Practice being positive

  • Accept yourself for who you are – ‘warts and all’ AND take steps for personal development.
  • Take time for self awareness/reflection (your likes, values, goals, ideas, expectations, strengths etc).
  • Remind yourself often of your goals, strengths and accomplishments (no matter how small they seem).
  • Take responsibility and action for what is in your control; your thoughts and feelings; actions; mistakes; goals; and developing strengths.
  • Learn to control what is in your scope of influence and let go of what you cannot control.
  • Visualise what you want! Allow some dreaming!
  • Develop good relationships through quality time with others and giving appropriate compliments and help to see the good in others.
  • Spend time with people who are positive and fun.


  • Check the internet, bookstore and library for great books, quotes and stories on positive thinking and self esteem and read these often. Positive reading improves positive thinking and focus.
  • Be willing to laugh at yourself and at life and with others. Stop taking yourself so seriously.
  • Be assertive – speak up for yourself and share your opinion.
  • Value your ideas and interests, expand on them. Interested people are interesting.
  • Don’t be so sensitive to other’s approval or disapproval, learn to trust the worth of what you believe and do.
  • Accept the variety, range and depth of feelings you experience. It’s normal to feel emotions. You can’t be a ‘happy Larry’ 100% of the time.
  • Replace your ‘I – shoulds’ with non-judgmental words like I want, choose or prefer.

Practice positive thinking

Change negative thinking into realistic thinking

  • Because our thoughts are so fast and automatic when we experience events in life, they are hard to catch, and we ‘automatically’ accept them. A lot of natural negative thinking gets in our flow of thoughts everyday as patterns or habits. We need to ‘learn to catch the way we think’ about things and ourselves in specific situations. Eg ‘Oh no, I’ve got a speech at my friend’s wedding next week!’ (could be a fear producing thought).
  • Then we can check if our thinking is realistic or helpful or not. Realistic and positive thinking will lead us toward solutions and maintain our self esteem, e.g. ‘Well I’m not a speaker but I can use notes and everyone knows and likes me so it doesn’t matter if I make a mistake’. Negative or unhelpful thinking will be critical and unfocussed, e.g. ‘I’ll probably forget my speech and make a fool of myself, why did he ask me!’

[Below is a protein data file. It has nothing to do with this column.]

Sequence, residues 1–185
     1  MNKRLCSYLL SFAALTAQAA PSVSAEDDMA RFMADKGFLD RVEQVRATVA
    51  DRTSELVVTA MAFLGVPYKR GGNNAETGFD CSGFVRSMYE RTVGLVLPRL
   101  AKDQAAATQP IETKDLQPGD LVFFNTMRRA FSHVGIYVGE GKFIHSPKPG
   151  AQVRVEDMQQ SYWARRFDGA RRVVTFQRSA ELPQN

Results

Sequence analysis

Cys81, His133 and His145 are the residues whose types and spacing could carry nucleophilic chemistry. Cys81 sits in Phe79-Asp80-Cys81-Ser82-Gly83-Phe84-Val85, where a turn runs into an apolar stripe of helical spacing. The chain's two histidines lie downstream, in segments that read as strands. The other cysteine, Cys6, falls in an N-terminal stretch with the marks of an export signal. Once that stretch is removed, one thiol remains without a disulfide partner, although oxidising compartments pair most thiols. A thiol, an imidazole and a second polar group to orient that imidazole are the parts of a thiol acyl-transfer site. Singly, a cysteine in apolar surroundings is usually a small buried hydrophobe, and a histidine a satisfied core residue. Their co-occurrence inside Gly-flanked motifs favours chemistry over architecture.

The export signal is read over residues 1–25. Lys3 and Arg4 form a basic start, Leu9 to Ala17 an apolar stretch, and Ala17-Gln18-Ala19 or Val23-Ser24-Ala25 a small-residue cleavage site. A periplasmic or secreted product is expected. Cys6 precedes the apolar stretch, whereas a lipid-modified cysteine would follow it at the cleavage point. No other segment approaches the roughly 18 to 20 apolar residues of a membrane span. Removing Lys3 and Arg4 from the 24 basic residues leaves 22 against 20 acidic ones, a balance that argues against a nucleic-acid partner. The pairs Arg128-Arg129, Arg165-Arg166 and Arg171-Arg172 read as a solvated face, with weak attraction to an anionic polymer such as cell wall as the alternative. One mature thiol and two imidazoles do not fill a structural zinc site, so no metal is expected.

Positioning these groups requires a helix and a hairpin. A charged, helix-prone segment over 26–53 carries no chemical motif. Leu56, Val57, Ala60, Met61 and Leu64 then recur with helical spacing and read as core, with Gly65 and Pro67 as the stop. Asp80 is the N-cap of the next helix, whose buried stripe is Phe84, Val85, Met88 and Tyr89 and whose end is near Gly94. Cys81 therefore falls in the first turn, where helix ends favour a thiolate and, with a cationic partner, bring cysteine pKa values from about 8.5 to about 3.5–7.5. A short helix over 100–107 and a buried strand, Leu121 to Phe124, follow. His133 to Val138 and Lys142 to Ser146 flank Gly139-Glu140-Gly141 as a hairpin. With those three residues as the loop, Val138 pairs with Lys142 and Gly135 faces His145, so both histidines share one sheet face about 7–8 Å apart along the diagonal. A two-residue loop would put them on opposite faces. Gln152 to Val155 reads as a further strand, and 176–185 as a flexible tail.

We can learn to discard unhelpful thinking and replace it with a more realistic way of thinking or seeing things.

You can do this by saying it to yourself. E.g. ‘I don’t have to be a perfect speaker, and I’m allowed to be nervous, just say some prepared kind words, my friend will really appreciate it’

  • Record and repeat positive thinking statements and mottos to yourself – these work by creating new patterns of thinking.
  • We can then change the way we think with practice. Refer to books that contain chapters on ‘cognitive behavioural therapy’ or ‘rational emotive therapy’. These skills are proven strategies for increasing self esteem and managing moods.
  • Actively manage judgments, criticism & praise.
  • Accept compliments from others. Praise yourself for positives – it’s okay to feel good about yourself.
  • Accept feedback as important for learning from mistakes and try to turn criticism into constructive feedback – if criticism has an element of value, accept it. If not, reject it. You decide.
  • Remember your basic human right to be treated with respect – stop unfairly criticising yourself.
  • Forgive yourself for past mistakes!
  • Disarm the critic in yourself and others by asking yourself – ‘what is the reasonable message here? Is this criticism true or just trying to motivate me to change in some positive way?’
  • Ask for constructive feedback about yourself and abilities from significant people in your life.
  • Accept that people have differing views of the world and behaviour and success (etc) and that’s okay.
  • Avoid comparing yourself with others. See yourself as a unique individual of equal worth to others.

Going further

Try accessing the internet and local libraries and book stores for books on positive thinking and self esteem. If specific challenges or longer-term pressures have been affecting your self esteem and happiness seek professional counselling for effective personalised strategies.